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fresh_42
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Summary:

This is an experiment if we could establish a little physics competition.
Classical Physics, Special Relativity Theory
Main Question or Discussion Point
Problem 1 (@wrobel )
(solved by @TSny )
There is a perfectly rough horizontal table. This table is pretty wide (actually it is a plane) and it rotates about some vertical axis. Angular velocity is a given constant: ##\Omega\ne 0##. Somebody throws a homogeneous ball on the table. The ball has a mass ##m## and a radius ##r##.
The ball begins to roll on the table without slipping. Initially (##t=0##) a vector ##\boldsymbol{OP}## (see the picture) is known; initial angular velocity of the ball and initial velocity of its center of mass ##S## are also known vectors.
1) Prove that the center of the ball describes a circle relative to the lab frame;
2) Find the radius of this circle.
Problem 2 (@wrobel )
(solved by @TSny , @Chestermiller )
There are four homogeneous rods. Each rod has mass ##m## and length ##b##. The ends of the rods are connected by frictionless hinges such that the rods form a rhombic frame (see the picture). This frame is shaped as square ##ABCD## and put at rest on a smooth horizontal table. Then one applies a force ##F## to the hinge ##A## along the diagonal #AC#. Find acceleration of the point ##C## right after the force has been applied.
Problem 3 (@PeroK )
(solved by @Gaussian97 )
a) Suppose a particle has threevelocity ##\vec{u} = (u_x, u_y, u_z)## in frame ##S##, which is moving with velocity ##(v, 0, 0)## relative to frame ##S'##. Show that the gamma factor of the particle in frame ##S'## is given by:
$$\gamma'_u = \gamma_v \gamma_u(1 + \frac{vu_x}{c^2})$$
b) Imagine a rig, consisting of two vertical poles, a distance ##L## apart. Two synchronised clocks are mounted on the poles and moving upwards at speed ##u##, relative to the rig, remaining horizontally aligned with respect to the rig.
Imagine a frame of reference in which the whole rig is moving horizontally at speed ##v##. By what amount are the clocks out of synchronisation in this frame?
c) Imagine instead that the clocks are aligned horizontally in the frame in which the whole rig is moving horizontally, as above. Note that the clocks are at rest relative to each other and assume they are synchronised in their own rest frame. By what amount are they out of synchronisation in the frame in which the rig is moving?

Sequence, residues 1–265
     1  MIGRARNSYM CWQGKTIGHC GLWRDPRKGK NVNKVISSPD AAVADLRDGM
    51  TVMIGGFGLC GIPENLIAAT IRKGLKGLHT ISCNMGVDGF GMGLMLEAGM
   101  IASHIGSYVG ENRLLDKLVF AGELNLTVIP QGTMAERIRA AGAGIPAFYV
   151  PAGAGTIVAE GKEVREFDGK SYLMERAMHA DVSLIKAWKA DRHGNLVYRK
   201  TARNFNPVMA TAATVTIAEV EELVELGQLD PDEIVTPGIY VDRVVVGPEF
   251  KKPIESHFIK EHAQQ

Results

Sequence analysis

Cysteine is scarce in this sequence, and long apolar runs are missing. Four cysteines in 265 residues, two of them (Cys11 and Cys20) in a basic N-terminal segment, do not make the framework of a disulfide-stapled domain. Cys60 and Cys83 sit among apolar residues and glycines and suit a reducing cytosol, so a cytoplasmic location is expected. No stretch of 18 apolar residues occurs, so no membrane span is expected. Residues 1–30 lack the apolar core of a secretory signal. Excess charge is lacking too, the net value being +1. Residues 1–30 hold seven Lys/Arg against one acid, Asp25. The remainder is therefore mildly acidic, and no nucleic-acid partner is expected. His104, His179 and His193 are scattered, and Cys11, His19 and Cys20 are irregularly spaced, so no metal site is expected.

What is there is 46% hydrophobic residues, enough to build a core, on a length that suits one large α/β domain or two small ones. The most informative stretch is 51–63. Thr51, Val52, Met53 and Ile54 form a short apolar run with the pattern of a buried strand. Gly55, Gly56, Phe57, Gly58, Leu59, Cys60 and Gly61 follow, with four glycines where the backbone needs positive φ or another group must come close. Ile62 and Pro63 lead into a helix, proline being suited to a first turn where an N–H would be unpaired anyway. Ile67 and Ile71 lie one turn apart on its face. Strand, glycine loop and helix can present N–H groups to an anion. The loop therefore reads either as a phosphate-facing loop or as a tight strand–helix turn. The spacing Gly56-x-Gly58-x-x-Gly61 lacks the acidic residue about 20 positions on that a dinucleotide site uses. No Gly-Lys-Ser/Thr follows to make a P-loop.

(solved by @TSny )
There is a perfectly rough horizontal table. This table is pretty wide (actually it is a plane) and it rotates about some vertical axis. Angular velocity is a given constant: ##\Omega\ne 0##. Somebody throws a homogeneous ball on the table. The ball has a mass ##m## and a radius ##r##.
The ball begins to roll on the table without slipping. Initially (##t=0##) a vector ##\boldsymbol{OP}## (see the picture) is known; initial angular velocity of the ball and initial velocity of its center of mass ##S## are also known vectors.
1) Prove that the center of the ball describes a circle relative to the lab frame;
2) Find the radius of this circle.
Problem 2 (@wrobel )
(solved by @TSny , @Chestermiller )
There are four homogeneous rods. Each rod has mass ##m## and length ##b##. The ends of the rods are connected by frictionless hinges such that the rods form a rhombic frame (see the picture). This frame is shaped as square ##ABCD## and put at rest on a smooth horizontal table. Then one applies a force ##F## to the hinge ##A## along the diagonal #AC#. Find acceleration of the point ##C## right after the force has been applied.
Problem 3 (@PeroK )
(solved by @Gaussian97 )
a) Suppose a particle has threevelocity ##\vec{u} = (u_x, u_y, u_z)## in frame ##S##, which is moving with velocity ##(v, 0, 0)## relative to frame ##S'##. Show that the gamma factor of the particle in frame ##S'## is given by:
$$\gamma'_u = \gamma_v \gamma_u(1 + \frac{vu_x}{c^2})$$
b) Imagine a rig, consisting of two vertical poles, a distance ##L## apart. Two synchronised clocks are mounted on the poles and moving upwards at speed ##u##, relative to the rig, remaining horizontally aligned with respect to the rig.
Imagine a frame of reference in which the whole rig is moving horizontally at speed ##v##. By what amount are the clocks out of synchronisation in this frame?
c) Imagine instead that the clocks are aligned horizontally in the frame in which the whole rig is moving horizontally, as above. Note that the clocks are at rest relative to each other and assume they are synchronised in their own rest frame. By what amount are they out of synchronisation in the frame in which the rig is moving?
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